Sorin points out positive data for SonR sensor measurement
Study data from the Sorin-sponsored CLEAR (Clinical Evaluation on Advanced Resynchronisation) trial has shown significant improvement in heart failure patientsâ response to cardiac resynchronisation therapy with the company's SonR automatic CRT optimisation system.
SonR is designed to provide weekly automatic optimisation during patientâs daily activities as an alternative to in-clinic manual echocardiography-based device settings. The system consists of a dedicated sensor embedded in the tip of a pacing lead implanted with the CRT device. The technology allows direct measurement of real-time cardiac contractility and uses this haemodynamic signal to optimise the deviceâs parameters for each individual patient at rest and exercise.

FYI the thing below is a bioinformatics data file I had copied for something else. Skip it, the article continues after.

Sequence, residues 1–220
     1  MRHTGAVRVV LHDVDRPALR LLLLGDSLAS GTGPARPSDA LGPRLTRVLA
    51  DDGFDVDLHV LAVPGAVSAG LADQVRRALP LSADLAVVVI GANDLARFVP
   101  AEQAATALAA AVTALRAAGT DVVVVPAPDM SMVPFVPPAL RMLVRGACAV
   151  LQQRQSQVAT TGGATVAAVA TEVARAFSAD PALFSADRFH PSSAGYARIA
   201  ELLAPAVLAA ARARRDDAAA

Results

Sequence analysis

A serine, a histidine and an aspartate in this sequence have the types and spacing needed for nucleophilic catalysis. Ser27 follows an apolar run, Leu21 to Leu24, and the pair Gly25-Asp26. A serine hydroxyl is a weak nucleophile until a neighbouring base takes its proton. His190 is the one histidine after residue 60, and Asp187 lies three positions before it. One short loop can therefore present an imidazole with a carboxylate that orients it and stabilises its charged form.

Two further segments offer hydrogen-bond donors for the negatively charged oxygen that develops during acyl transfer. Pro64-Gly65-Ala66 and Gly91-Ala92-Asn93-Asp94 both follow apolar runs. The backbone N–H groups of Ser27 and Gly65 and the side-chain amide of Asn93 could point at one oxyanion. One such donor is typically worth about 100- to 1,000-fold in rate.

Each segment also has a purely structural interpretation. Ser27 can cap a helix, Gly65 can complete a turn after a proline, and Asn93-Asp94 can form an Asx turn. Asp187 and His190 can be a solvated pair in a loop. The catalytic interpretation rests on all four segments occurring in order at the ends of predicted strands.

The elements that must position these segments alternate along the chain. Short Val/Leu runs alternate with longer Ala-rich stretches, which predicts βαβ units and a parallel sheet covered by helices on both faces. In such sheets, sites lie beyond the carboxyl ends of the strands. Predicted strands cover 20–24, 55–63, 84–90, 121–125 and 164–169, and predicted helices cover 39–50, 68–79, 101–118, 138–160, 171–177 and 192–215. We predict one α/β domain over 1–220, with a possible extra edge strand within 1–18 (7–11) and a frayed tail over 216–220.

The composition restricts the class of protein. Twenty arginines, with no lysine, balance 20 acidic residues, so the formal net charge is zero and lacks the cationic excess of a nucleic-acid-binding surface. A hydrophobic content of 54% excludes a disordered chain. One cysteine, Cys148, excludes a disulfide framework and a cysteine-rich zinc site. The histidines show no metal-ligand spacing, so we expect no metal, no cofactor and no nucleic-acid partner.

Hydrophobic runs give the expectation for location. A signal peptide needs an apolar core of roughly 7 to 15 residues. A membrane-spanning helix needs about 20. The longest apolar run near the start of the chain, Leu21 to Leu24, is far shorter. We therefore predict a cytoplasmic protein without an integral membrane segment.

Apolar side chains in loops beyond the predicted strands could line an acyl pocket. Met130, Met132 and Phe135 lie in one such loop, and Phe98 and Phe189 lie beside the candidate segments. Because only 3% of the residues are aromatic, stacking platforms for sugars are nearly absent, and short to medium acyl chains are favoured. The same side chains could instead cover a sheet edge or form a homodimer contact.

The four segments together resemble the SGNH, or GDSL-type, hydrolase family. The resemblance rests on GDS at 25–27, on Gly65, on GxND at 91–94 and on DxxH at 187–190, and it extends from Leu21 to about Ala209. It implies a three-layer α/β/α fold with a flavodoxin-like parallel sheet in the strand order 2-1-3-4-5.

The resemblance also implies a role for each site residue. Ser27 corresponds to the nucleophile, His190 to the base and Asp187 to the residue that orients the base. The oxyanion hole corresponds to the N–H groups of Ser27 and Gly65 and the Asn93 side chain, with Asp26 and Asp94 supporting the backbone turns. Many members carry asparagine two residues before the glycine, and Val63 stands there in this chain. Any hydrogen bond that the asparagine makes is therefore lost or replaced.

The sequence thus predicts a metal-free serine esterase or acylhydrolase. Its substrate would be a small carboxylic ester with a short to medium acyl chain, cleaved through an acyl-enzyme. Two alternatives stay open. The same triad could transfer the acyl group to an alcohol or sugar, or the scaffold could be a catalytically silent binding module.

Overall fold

The CLEAR study, a prospective, multicentre, single-blind, randomised study conducted in 51 centres in eight European countries, enrolled 238 patients with severe HF (New York Heart Association (NYHA) functional class III and IV and a left ventricular ejection fraction (LVEF) <35 per cent. Study results at one year showed that with SonRâs regular automatic optimisation of the deviceâs atrio-ventricular and inter-ventricular delays, 76 per cent of patients were classified as improved, compared with 62 per cent in the group of patients with standard CRT programming (p=0.0285).
The SonR sensor measures patientâs cardiac muscle vibrations related to the first heart sound and transmits the data to the CRT-D device which uses them to determine the best settings for the patient. The measurements correspond to LVdP/dtmax, the gold standard for assessing left ventricular contractility, a key indicator of cardiac performance.